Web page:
Growing Cherry Tomatoes
June 6, 2016
One of the joys of summer is standing in the garden eating sun-warmed cherry tomatoes right off the vine.
These succulent, bite-sized jewels concentrate all the flavor of a full sized tomato into a package that is less than 2” in diameter. They are sweeter, perfectly shaped, and have thinner skin than regular tomatoes.
Though highly addictive, cherry tomatoes are good for you—rich in calcium, iron, lycopene, and vitamins A & C. Easy to grow, many cherry tomato plants have a built-in resistance to some of the diseases that will kill a regular tomato plant. They are strong, fast growing, prolific plants and some will begin to fruit in less than 60 days from transplanting.
Cherry tomatoes comes in a wide range of colors!
Growing Cherry Tomatoes in Containers
If you don’t have a garden, try growing a cherry tomato plant in a pot. There are several varieties bred specifically for container growing.
- We have tried ‘Terenzo’, ‘Lizzano’, and ‘Tumbling Tom’. All of them form bushy, compact plants that adapt to life in a large nursery pot or hanging basket and bear lots of small but tasty cherry tomatoes.
- A new one that I will be on the lookout for next year is ‘Rambling Rose’, a pink cherry tomato developed at the University of NH specifically for growing in containers.
Regular cherry tomato plants can also be grown in containers, they just need more room. A 5-gallon bucket (with holes drilled in the bottom for drainage) will hold one plant. Grow it near a porch or up a trellis to keep the plants off the ground.
Most cherry tomatoes are indeterminates, meaning they will keep on growing, flowering, and bearing fruit until frost kills them.
Supporting Cherry Tomato Vines
They are vines and can get to be quite tall so they need to be supported. Forget about an ordinary tomato cage, they will outgrow it in no time. You’ll have to get creative.
We grow ours in the ground and put rebar at the ends of the rows and at every sixth plants or so. As the plants grow, I weave baling twine around the plants and the rebar stakes, wattle-weave fashion. It forms a living fence of tomato plants known as a Florida weave. I go as high as I can reach and then the plant are on their own. I can’t lug a ladder out to the garden every time I want to pick some tomatoes! We have plants that topped a seven foot tall fence and continued growing back down the other side!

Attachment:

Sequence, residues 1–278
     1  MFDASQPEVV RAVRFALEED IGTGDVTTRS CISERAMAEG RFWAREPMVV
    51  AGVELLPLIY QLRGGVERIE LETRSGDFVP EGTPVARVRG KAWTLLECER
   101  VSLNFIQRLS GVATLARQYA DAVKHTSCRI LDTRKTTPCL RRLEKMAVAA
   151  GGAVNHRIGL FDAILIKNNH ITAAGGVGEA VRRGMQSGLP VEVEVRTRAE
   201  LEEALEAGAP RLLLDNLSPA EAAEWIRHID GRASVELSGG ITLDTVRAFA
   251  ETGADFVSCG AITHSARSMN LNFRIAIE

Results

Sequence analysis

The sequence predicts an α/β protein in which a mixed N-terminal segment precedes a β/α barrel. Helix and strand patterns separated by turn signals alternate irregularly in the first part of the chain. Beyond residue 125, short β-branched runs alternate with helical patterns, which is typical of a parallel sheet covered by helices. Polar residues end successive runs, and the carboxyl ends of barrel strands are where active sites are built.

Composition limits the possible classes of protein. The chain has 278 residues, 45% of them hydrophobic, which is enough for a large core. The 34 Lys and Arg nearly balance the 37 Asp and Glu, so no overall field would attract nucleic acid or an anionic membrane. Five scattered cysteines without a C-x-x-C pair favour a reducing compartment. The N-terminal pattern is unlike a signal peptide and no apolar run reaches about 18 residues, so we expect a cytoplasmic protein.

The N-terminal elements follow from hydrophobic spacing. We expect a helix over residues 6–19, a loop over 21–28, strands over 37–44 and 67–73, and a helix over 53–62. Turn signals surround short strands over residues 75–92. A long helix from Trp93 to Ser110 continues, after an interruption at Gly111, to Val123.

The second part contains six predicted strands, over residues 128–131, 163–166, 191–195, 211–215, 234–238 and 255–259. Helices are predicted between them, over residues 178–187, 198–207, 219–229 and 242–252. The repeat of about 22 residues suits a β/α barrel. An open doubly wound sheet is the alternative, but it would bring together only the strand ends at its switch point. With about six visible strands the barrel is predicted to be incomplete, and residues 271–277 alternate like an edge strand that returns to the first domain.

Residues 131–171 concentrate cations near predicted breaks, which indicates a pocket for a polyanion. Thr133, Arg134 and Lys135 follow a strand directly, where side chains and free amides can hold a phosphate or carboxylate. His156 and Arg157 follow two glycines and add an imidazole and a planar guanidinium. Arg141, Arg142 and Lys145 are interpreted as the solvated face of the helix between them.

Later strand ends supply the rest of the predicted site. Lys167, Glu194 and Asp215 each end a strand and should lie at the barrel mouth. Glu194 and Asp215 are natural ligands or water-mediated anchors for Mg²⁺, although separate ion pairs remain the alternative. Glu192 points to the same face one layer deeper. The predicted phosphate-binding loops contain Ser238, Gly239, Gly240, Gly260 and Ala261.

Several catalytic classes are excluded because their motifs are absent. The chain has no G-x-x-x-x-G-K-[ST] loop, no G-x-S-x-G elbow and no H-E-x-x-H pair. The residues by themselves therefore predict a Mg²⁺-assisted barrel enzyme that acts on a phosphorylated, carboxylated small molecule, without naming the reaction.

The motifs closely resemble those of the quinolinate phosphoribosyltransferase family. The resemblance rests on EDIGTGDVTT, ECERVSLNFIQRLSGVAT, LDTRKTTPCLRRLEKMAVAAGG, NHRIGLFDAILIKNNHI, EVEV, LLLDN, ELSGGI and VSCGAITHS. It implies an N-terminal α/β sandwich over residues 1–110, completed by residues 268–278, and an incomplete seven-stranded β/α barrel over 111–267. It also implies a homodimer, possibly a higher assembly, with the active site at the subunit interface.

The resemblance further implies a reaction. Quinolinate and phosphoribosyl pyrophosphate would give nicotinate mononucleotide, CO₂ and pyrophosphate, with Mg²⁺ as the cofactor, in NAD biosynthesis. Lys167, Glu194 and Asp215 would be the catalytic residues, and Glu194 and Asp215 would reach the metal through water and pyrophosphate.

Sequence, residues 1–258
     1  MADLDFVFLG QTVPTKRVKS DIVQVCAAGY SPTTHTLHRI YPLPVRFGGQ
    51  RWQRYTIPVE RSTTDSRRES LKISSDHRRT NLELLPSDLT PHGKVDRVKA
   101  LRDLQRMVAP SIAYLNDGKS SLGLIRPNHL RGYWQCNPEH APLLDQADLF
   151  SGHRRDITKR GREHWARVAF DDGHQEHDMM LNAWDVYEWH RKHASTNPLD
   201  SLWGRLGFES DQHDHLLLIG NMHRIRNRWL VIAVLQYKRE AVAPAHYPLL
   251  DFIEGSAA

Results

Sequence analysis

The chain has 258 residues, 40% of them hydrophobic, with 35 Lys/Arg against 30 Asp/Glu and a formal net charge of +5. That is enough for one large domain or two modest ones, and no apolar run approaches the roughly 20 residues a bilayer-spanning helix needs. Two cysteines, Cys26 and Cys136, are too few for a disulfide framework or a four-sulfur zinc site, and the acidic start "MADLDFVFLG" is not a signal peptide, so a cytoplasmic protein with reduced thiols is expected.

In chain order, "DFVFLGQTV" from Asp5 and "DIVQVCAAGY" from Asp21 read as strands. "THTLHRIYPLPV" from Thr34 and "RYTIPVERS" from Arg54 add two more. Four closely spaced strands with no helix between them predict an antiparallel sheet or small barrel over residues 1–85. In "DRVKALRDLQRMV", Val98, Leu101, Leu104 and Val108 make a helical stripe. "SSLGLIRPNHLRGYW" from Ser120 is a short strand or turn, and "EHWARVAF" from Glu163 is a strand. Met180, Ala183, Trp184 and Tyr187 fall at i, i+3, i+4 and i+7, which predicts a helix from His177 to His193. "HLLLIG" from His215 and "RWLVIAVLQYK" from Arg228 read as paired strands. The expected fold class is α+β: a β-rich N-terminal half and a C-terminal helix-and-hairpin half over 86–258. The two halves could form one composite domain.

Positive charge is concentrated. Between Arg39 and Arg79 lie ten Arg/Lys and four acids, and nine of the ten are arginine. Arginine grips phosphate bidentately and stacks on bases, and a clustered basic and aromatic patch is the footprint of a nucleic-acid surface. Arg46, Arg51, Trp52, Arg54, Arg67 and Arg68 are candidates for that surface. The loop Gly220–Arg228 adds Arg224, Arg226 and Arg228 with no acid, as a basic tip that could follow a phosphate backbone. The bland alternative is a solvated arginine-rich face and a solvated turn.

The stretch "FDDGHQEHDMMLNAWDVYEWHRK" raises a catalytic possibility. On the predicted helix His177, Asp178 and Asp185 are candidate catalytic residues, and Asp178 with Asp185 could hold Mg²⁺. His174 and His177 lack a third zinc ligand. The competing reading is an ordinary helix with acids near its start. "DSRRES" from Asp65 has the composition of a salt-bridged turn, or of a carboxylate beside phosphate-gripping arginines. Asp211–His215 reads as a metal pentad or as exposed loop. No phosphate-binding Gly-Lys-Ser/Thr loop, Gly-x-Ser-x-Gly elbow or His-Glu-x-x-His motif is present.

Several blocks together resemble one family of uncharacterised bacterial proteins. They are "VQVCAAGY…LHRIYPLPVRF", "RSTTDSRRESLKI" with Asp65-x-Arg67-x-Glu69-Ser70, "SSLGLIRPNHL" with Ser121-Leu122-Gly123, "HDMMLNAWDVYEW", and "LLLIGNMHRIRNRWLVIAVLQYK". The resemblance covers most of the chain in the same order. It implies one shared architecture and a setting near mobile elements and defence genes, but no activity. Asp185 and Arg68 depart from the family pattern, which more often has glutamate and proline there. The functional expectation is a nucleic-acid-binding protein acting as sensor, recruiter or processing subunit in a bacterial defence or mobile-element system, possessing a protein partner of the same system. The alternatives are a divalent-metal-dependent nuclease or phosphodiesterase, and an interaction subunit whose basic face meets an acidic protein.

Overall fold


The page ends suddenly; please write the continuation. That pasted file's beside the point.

Best Varieties of Cherry Tomatoes
There are lots of varieties to choose from. A few of our favorite cherry tomatoes are:
- ‘Sungold’ plants grow quite large and are one of the first to bear fruit in our garden. They continues to bear heavily until frost. These bite-sized golden beauties are the most delicious thing you can imagine. The only problem with ‘Sungold” is that their thin skin has a tendency to crack.
- ‘Sun Sugar’ looks and tastes just like ‘Sungold’ but the fruits don’t split as easily.
- “Isis Candy’ has fruits that are marbled with red and gold and are very flavorful.
- ‘Chadwick’ and ‘Fox’ are both heirloom red cherry tomatoes that have tangy true tomato flavor and are vigorous growers.
- ‘Chocolate’ and ‘Black’ are two dark-skinned cherry varieties that have the rich flavor found in some of the black slicing tomatoes. They add a unique color to a salad.
- ‘Sweet Treats’ has phenominal flavor and is a deep ruby red color. It is resistant to many diseases.
- ‘Honeydrop’ has amber-colored fruit that lives up to its name. They are sweet as a drop of honey.
If you grow nothing else this summer, treat yourself to one cherry tomato plant and savor their flavor.
About This Blog
Get inspired by Robin Sweetser’s backyard gardening tips and tricks. Robin has been a contributor to The Old Farmer’s Almanac and the All-Seasons Garden Guide for many years. She and her partner Tom have a small greenhouse business and also sell plants, cut flowers, and vegetables at their local Farmer’s Market.